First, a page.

Newsmakers of the week

Perez Hilton gets punched, Carla Bruni’s biggest fan, and Arnold Schwarzenegger’s interesting statue

Arnold’s extra pairArnold’s extra pair
In the spirit of partisan pranks-manship, Gov. Arnold Schwarzenegger recently sent a metal sculpture in the shape of bull testicles to California Senate President Darrell Steinberg—a metaphorical reminder of the bold budgetary decisions required by the state’s lawmakers in the face of a US$24.3-billion budget shortfall. Unfortunately, the joke fell flat. Steinberg, who is a Democrat, returned the sculpture to its sender, along with a note stressing the seriousness of the situation. In fairness to the governor, sources told that the testicles were sent in response to a gag gift Steinberg sent to him—a package of mushrooms—after Schwarzenegger called the Democrat’s budget proposals “hallucinatory.” But the sculpture was apparently too much coming from a man who once called Democrats “girlie men.” When asked why so serious, Steinberg’s spokesperson told reporters, “We’ve got more important things on our plate right now than to waste any more time on such trivial matters.”

Too much information
On Monday, Canada’s Information Commissioner Robert Marleau resigned unexpectedly, only two years into an ostensible seven-year tenure. He was in the process of reforming the country’s access to information laws, which have come to be routinely subverted by secretive government officials. Only one day earlier, Marleau was quoted in a Toronto Star article decrying the whole system. When the Access to Information Act was introduced in 1983, he told the reporter, “we were amongst the leaders in the world.” Since then, he said, “It’s been the same song and dance, no effort by any government to have this legislation or these processes keep pace with time, change and technology.” The reasons for his hasty departure only 24 hours later, he told media, are “entirely personal and private.”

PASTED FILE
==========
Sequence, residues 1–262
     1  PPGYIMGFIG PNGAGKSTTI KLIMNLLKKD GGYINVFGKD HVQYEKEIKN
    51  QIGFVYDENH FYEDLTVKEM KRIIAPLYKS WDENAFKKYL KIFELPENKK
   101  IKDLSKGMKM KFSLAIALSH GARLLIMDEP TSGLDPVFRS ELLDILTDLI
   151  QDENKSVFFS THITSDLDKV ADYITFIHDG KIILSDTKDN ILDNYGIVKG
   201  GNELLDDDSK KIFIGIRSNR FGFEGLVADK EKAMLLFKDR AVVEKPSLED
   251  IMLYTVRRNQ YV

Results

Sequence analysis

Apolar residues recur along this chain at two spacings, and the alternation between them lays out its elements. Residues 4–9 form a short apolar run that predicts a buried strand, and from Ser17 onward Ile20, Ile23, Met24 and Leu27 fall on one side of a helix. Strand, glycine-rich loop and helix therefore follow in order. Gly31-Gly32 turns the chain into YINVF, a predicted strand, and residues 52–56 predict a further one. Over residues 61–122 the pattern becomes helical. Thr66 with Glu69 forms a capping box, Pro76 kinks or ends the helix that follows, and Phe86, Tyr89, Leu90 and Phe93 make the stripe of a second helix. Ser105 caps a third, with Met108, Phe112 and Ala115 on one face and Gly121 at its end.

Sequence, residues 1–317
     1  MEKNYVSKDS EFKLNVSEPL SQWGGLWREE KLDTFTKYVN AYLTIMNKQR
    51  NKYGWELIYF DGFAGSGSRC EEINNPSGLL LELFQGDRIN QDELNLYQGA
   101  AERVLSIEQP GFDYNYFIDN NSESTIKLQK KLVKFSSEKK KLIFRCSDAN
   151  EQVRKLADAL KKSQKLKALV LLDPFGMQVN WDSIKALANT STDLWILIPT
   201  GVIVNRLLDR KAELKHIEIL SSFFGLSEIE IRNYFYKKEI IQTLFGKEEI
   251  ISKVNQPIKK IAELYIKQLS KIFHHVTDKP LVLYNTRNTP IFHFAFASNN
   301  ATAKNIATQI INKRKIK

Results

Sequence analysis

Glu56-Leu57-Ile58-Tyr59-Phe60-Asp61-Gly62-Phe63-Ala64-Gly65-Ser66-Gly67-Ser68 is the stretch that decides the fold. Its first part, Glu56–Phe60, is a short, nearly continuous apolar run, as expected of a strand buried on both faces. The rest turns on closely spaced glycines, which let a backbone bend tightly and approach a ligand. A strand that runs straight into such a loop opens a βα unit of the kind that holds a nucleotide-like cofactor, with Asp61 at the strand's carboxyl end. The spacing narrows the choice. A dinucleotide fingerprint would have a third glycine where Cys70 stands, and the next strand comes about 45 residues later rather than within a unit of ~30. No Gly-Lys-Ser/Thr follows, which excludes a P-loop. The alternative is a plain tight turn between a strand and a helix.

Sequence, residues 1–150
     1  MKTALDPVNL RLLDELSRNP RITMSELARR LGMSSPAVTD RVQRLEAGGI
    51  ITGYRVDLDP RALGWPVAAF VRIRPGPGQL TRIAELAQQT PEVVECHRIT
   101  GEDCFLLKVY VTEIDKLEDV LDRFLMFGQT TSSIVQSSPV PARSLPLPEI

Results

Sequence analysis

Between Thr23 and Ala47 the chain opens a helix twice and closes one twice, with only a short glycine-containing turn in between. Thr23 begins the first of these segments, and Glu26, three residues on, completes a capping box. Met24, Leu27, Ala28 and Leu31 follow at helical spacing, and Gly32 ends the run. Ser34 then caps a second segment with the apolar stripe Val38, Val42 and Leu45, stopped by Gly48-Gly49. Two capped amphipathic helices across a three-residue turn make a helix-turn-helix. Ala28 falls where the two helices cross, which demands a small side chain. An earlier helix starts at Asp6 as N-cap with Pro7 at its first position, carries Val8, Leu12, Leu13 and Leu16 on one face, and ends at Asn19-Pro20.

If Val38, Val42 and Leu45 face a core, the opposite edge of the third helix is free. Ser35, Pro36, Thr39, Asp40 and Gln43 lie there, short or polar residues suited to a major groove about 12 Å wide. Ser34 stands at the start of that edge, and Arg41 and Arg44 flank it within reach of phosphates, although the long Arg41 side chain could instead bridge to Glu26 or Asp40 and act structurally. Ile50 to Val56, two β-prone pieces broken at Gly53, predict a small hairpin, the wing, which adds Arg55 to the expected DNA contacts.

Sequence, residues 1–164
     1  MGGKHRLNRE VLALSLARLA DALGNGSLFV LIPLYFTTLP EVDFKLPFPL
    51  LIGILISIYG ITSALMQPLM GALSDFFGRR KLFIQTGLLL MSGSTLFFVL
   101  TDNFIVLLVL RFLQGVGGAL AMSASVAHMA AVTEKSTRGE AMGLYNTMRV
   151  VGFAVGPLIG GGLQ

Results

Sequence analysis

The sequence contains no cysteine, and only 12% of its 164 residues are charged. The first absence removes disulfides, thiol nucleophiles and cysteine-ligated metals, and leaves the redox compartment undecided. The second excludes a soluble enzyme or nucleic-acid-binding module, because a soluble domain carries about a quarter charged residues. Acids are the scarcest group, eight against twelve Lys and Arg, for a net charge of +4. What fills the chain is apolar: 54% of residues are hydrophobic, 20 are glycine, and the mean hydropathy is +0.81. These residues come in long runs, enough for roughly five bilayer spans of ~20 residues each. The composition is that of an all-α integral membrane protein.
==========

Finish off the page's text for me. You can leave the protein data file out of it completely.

Way to go, EinsteinWay to go, Einstein
An iconic 1951 photograph of Albert Einstein—in which he is shown at his 72nd birthday party, wide-eyed, hair askew, sticking out his tongue at the camera—sold at auction in New Hampshire last week for US$74,324, a record for a photo of the great physicist. The print, one of an original nine Einstein had made, features an inscription in German to his friend, the journalist Howard K. Smith: “This gesture you will like, because it is aimed at all of humanity. A civilian can afford to do what no diplomat would dare. Your loyal and grateful listener, A. Einstein. ’53.”

Family resemblance
When Irene Prusik died in 2003 at the age of 73, her son, Thomas Prusik-Parkin, 49, kept her memory alive in an unusual manner. First, he gave her funeral director false information so that her death would go officially unre corded. Then he bought himself a wig, women’s clothes and heavy makeup, and for six years, he impersonated his mother in banks and even in court in order to collect her social security benefits and rent subsidies totalling US$115,000. Brooklyn police, responding to a tip, recently arrested Prusik-Parkin and charged him with theft, forgery and conspiracy. “I held my mother when she was dying and breathed in her last breath,” he told police upon his arrest, “so I am my mother.”